If you need to reset your gut, you likely need to help recolonize the beneficial bacteria. Fermented foods naturally provide these good microbes. Add some plain yogurt, kefir, kombucha, miso, sauerkraut, pickles, or kimchi to your meal plan. Remember to watch for any added sugar as that decreases the effectiveness of the food. Again, however, ease your way into eating more fermented foods if they haven’t been a part of your diet.
You can also choose a multi-strain probiotic supplement to help build up a strong colony of healthy bacteria. In addition, you can add foods that may support the gut lining like bone broth or a high-quality collagen powder.
Step 4: Stay Hydrated
How much water do you drink per day? While no one knows where the eight glasses recommendation started, it is at least a start for recommending we drink more. To stay adequately hydrated, however, you likely need 9 to 12 cups of water per day. In turn, staying hydrated helps keep your guts moving and functioning properly.
Before you sip, if possible, go ahead and filter your water. Much of the water from the tap contains chlorine, which is added to kill of bugs. It doesn’t care if those bugs are bad ones in the water or good ones in the gut. (Still, if given a choice between no water and tap water, go with tap water and ensure you stay hydrated.)
Step 5: Evaluate Your Habits
Do you smoke or vape? You already know that the universal advice is to stop. Yet another reason to quit is because, according to research, once people stop smoking, the microbial diversity in their guts increases. 4 Quitting isn’t easy, but if you keep trying, you continue to increase your chances of success. 5
Other habits that can disrupt the delicate balance of the gut microbiome include drinking to excess (i.e., more than one drink per day for women and more than two drinks per day for men). In contrast, because it provides prebiotics, a single glass of red wine may promote a healthy gut. 6
Another common microbiome disruptor is artificial sweeteners like aspartame and sucralose. Like refined sugar, these additives have a negative effect on microbiome diversity. 7
Step 6: Enjoy Consistent Exercise
Regular exercise appears to help increase microbial diversity, even if your diet isn’t entirely on point. But once you stop exercising, the positive effects are largely reversed. So, start exercising and then keep it up to help reset the gut. 8
Step 7: Dig the Dirt
Yes, we need to wash our hands regularly—especially when out and about—to protect against infection. At the same time, many of us are too clean. If we aren’t exposed to enough microbes, we can prevent the immune system from being properly educated on how to fight infections. 9 To ensure your microbiome gets the exposure you need, play with a pet, play outside, dig in the dirt, garden, walk barefoot or lounge in the grass, and don’t be afraid to get a little dirty.
While you’re at it, kick the harsh chemical cleaners like bleach, ammonia, and strong antiseptics to the curb. Instead, wash up with plain old soap and water to clean up yourself, your clothes, and your house.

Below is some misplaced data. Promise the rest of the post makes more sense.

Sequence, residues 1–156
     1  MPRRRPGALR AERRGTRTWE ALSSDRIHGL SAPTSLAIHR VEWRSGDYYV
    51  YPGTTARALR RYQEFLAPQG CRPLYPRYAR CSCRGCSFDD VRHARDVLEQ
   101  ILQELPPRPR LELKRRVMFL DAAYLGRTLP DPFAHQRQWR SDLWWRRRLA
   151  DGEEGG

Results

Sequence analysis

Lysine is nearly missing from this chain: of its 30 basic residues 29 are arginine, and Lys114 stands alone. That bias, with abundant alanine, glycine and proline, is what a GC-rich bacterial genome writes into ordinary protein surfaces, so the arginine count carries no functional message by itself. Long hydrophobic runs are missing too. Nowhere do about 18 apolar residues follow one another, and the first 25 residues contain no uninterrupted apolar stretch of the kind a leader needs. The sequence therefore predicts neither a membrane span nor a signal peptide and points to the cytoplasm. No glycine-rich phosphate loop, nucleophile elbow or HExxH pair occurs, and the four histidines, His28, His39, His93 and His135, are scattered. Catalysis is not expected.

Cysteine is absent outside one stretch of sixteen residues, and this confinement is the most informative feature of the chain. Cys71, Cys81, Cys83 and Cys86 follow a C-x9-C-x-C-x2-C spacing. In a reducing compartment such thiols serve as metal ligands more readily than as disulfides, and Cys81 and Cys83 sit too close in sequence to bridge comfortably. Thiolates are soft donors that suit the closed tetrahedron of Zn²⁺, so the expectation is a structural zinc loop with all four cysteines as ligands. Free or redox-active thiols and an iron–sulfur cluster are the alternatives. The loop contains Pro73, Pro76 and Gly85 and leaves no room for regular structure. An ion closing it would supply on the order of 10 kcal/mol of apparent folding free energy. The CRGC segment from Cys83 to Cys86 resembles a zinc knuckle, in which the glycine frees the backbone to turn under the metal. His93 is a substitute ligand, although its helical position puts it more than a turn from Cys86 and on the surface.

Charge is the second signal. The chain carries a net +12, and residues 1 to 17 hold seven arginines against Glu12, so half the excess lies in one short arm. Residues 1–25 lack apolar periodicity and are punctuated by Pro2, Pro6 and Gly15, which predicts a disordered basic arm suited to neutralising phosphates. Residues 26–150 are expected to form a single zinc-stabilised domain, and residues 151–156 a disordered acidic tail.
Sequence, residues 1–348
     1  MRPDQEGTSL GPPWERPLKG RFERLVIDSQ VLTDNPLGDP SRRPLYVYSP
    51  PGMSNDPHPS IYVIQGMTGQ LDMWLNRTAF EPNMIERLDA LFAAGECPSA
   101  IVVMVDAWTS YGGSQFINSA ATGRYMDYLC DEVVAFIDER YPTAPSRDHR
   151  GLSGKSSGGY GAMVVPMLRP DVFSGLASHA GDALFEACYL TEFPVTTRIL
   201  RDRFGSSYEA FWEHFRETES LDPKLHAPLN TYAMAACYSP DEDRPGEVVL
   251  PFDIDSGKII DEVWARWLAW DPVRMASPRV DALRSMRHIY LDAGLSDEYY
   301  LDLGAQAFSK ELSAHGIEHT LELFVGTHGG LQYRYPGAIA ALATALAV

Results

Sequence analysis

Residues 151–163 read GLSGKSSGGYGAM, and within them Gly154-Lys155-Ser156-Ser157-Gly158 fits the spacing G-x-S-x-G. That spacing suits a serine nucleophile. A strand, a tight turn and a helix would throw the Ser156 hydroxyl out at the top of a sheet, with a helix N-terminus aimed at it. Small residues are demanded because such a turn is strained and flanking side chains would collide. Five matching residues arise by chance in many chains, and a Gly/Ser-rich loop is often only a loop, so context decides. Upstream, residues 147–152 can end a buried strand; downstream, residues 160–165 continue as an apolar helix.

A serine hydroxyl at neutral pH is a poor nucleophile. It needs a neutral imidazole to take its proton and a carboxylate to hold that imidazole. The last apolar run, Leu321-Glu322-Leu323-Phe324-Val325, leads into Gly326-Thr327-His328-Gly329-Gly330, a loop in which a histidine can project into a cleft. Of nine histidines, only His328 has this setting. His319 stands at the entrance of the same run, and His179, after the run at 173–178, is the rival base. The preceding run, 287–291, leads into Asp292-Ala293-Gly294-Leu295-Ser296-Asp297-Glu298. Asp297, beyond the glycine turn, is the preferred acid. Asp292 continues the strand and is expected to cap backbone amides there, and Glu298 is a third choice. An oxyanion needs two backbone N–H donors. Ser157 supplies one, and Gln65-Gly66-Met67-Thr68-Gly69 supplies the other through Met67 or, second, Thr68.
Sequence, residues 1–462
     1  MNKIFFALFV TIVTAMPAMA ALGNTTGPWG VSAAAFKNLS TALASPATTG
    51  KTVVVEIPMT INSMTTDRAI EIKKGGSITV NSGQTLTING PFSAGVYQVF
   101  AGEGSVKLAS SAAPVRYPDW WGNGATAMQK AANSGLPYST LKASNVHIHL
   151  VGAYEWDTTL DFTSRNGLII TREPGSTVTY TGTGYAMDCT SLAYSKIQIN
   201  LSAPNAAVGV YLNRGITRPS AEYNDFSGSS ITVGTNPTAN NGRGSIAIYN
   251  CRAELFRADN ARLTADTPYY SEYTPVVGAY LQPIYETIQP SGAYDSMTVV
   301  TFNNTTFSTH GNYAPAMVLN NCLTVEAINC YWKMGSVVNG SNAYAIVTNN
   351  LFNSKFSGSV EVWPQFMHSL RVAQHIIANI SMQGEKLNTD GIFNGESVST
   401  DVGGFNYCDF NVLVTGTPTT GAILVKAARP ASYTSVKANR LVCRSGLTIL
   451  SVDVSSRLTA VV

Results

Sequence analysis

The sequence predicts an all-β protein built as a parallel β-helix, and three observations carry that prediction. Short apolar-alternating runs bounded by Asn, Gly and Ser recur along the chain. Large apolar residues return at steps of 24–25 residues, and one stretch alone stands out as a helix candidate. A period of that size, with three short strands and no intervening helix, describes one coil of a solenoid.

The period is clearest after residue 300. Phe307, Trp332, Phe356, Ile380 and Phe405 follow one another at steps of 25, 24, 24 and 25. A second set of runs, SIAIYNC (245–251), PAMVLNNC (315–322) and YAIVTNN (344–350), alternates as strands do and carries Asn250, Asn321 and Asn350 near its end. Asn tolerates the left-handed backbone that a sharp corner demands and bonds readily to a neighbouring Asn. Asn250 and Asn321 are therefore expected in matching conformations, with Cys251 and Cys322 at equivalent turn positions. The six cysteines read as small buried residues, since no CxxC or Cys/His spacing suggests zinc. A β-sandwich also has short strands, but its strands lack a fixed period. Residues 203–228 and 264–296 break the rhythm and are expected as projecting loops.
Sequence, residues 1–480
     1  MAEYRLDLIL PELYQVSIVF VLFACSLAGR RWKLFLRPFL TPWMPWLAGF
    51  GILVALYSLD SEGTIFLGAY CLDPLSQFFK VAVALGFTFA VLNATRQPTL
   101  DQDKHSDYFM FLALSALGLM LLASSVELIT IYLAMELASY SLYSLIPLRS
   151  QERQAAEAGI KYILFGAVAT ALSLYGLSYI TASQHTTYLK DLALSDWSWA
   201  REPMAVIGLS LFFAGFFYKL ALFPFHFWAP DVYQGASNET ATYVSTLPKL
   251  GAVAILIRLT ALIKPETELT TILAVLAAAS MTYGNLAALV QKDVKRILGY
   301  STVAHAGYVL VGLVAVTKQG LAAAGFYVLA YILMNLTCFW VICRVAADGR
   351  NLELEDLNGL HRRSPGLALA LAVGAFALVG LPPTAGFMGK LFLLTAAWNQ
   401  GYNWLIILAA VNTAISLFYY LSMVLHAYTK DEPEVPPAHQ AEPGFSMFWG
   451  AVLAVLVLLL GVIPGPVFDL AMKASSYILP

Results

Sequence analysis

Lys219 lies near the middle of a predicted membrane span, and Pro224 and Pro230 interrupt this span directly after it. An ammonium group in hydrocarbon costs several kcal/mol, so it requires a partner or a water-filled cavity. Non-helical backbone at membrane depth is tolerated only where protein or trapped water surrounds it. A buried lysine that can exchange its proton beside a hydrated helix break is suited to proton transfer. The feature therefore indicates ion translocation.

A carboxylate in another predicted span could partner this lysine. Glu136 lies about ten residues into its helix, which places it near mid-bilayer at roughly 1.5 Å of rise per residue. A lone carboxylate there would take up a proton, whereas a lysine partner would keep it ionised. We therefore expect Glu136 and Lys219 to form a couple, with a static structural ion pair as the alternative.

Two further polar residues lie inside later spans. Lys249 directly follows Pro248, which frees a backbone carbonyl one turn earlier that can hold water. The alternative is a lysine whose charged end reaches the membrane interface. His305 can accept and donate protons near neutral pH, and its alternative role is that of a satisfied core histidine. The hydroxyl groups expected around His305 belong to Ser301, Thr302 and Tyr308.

Step 8: Invest in Oral Hygiene
Just as our bodies are too clean, so are our mouths. We can disrupt the microbiome in the mouth by using antibacterial toothpaste, floss, and mouthwash. 10 You can still keep your mouth healthy and your breath fresh without the antibacterial chemicals.
Step 9: Reduce Stress
Chronic stress can decrease beneficial bacteria, increase harmful bacteria, and increase intestinal permeability (i.e., leaky gut). Take time out to release stress and let go for you and your gut.
Meals are a good time to slow down. Taking time to eat your food allows digestion to begin in the mouth, where it should. You’ll also better chew your food, which allows for better digestion. And slowing down also allows you to see how specific foods make you feel. Pay attention as some foods—even those that are good for you—can make gut issues worse.
How to Reset Your Gut: A Wrap-Up
It doesn’t take long to reset your gut. But it’s even better to maintain a healthy gut long term. Incorporate small changes into your diet and lifestyle over time to help support a strong, healthy microbiome. In return for taking care of that estimated 90% of your body that’s not you, you could very well be rewarded with a stronger, better balanced immune system, greater heart and brain health, improved mood and well-being, decreased weight, and reduced risk for diabetes, reduced bloating, cramps, and abdominal pain, and better health in general.
That said, give it time and be patient. Especially if you have been eating a standard diet for a while, it can take time for your gut to get used to dietary changes. Start smaller and work your way up to give your gut time to catch up with the reset. If you start eating a bunch of pre- and probiotic foods (especially with lots of fiber) all at once, you could go through a pretty uncomfortable transition. Fortunately, you can dive into many of the other steps (e.g., increased hydration, dirt play, and exercise) without worry.